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Topic: NYTimes: Mind and body form a two-way street

Forum: Mental Health: Because Cancer Doesn't Just Affect Your Breasts —

Meet and support others who are affected by these issues around anxiety, depression & other emotional effects.

Posted on: Oct 5, 2021 06:57AM - edited Oct 5, 2021 07:02AM by Olma61

Olma61 wrote:

The Devastating Ways Depression and Anxiety Impact the Body

Excerpt - “In studies that tracked how patients with breast cancer fared, for example, Dr. David Spiegel and his colleagues at Stanford University School of Medicine showed decades ago that women whose depression was easing lived longer than those whose depression was getting worse. His research and other studies have clearly shown that "the brain is intimately connected to the body and the body to the brain," Dr. Spiegel said in an interview. "The body tends to react to mental stress as if it was a physical stress."

Despite such evidence, he and other experts say, chronic emotional distress is too often overlooked by doctors. Commonly, a physician will prescribe a therapy for physical ailments like heart disease or diabetes, only to wonder why some patients get worse instead of better."

https://www.nytimes.com/2021/10/04/well/mind/depression-anxiety-physical-health.html?smid=url-share



Study which is linked in this article - it's old and not conclusive. My feeling is, whether treatment for depression or anxiety prolongs survival or not, alleviating debilitating emotional stress can certainly make our remaining years a bit more pleasant.

Decrease in Depression Symptoms Is Associated With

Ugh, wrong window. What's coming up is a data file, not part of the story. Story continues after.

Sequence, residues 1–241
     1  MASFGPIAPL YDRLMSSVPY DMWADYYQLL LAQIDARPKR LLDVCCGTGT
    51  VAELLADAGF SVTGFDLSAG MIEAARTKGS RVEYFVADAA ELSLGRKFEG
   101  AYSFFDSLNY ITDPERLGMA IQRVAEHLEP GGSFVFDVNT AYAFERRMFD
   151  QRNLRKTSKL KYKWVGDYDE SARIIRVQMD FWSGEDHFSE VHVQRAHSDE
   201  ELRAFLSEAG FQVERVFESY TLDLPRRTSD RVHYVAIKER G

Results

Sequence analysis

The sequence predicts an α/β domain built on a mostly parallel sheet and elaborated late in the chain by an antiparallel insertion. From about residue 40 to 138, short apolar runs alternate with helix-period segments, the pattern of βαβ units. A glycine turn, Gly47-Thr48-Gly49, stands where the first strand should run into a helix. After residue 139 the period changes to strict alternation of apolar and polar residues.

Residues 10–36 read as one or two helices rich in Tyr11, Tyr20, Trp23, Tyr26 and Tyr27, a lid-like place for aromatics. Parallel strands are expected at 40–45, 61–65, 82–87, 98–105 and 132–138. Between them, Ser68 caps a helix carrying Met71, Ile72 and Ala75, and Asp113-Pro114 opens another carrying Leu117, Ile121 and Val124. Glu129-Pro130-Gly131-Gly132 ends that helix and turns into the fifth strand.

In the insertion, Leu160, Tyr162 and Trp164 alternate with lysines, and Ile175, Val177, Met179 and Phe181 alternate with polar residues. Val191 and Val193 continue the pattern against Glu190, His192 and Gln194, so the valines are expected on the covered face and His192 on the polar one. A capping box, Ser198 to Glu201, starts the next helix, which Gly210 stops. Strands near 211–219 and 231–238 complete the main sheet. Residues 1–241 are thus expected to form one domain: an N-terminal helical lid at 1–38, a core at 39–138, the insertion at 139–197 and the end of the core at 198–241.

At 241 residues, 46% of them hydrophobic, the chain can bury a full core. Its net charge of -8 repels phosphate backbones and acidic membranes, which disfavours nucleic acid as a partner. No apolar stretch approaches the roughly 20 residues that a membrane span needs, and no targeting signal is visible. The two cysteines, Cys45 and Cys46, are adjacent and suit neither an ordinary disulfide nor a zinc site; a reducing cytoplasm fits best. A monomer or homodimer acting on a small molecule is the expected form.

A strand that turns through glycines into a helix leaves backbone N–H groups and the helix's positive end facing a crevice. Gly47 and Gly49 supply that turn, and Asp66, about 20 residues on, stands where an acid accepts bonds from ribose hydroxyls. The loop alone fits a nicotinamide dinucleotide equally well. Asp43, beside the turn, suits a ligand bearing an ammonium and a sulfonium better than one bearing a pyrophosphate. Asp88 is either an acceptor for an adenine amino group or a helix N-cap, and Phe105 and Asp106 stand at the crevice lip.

Longer Survival in Patients With Metastatic Breast Cancer:

A Secondary Analysis

Janine Giese-Davis, Kate Collie, Kate M.S. Rancourt, Eric Neri, Helena C. Kraemer, and David Spiegel

ABSTRACT

Purpose

Numerous studies have examined the comorbidity of depression with cancer, and some have indicated that depression may be associated with cancer progression or survival. However, few studies have assessed whether changes in depression symptoms are associated with survival.

Conclusion

Decreasing depression symptoms over the first year were associated with longer subsequent survival for women with MBC in this sample. Further research is necessary to confirm this hypothesis in other samples, and causation cannot be assumed based on this analysis.

J Clin Oncol 29:413-420. © 2010 by American Society of Clinical Oncology


Link
https://www.ncbi.nlm.nih.gov/pmc/articles/PMC3058287/pdf/zlj413.pdf

10/30/2017 Xgeva for bone mets 5/31/2018 Taxol finished! "If one just keeps on walking, everything will be all right” - Kierkegaard Dx 8/3/2017, IDC, Right, 2cm, Stage IV, metastasized to bone, Grade 2, ER+/PR+, HER2+ (IHC) Targeted Therapy 10/28/2017 Perjeta (pertuzumab) Targeted Therapy 10/28/2017 Herceptin (trastuzumab) Chemotherapy 10/30/2017 Taxol (paclitaxel) Hormonal Therapy 5/14/2018 Arimidex (anastrozole) Radiation Therapy 5/30/2019 External: Bone
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